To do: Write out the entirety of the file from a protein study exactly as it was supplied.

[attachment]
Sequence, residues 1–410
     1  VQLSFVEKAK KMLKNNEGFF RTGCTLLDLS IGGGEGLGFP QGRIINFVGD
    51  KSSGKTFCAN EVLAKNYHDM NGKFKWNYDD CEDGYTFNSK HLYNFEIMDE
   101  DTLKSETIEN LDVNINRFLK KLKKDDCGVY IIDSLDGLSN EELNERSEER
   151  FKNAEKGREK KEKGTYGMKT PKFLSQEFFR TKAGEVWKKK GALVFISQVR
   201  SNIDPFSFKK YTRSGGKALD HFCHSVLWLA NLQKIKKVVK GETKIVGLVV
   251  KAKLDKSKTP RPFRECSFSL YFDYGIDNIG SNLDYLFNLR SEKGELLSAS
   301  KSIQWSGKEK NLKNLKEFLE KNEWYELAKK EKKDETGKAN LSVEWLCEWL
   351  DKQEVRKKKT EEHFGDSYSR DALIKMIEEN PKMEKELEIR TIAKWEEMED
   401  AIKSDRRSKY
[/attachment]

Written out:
Sequence, residues 1–410
     1  VQLSFVEKAK KMLKNNEGFF RTGCTLLDLS IGGGEGLGFP QGRIINFVGD
    51  KSSGKTFCAN EVLAKNYHDM NGKFKWNYDD CEDGYTFNSK HLYNFEIMDE
   101  DTLKSETIEN LDVNINRFLK KLKKDDCGVY IIDSLDGLSN EELNERSEER
   151  FKNAEKGREK KEKGTYGMKT PKFLSQEFFR TKAGEVWKKK GALVFISQVR
   201  SNIDPFSFKK YTRSGGKALD HFCHSVLWLA NLQKIKKVVK GETKIVGLVV
   251  KAKLDKSKTP RPFRECSFSL YFDYGIDNIG SNLDYLFNLR SEKGELLSAS
   301  KSIQWSGKEK NLKNLKEFLE KNEWYELAKK EKKDETGKAN LSVEWLCEWL
   351  DKQEVRKKKT EEHFGDSYSR DALIKMIEEN PKMEKELEIR TIAKWEEMED
   401  AIKSDRRSKY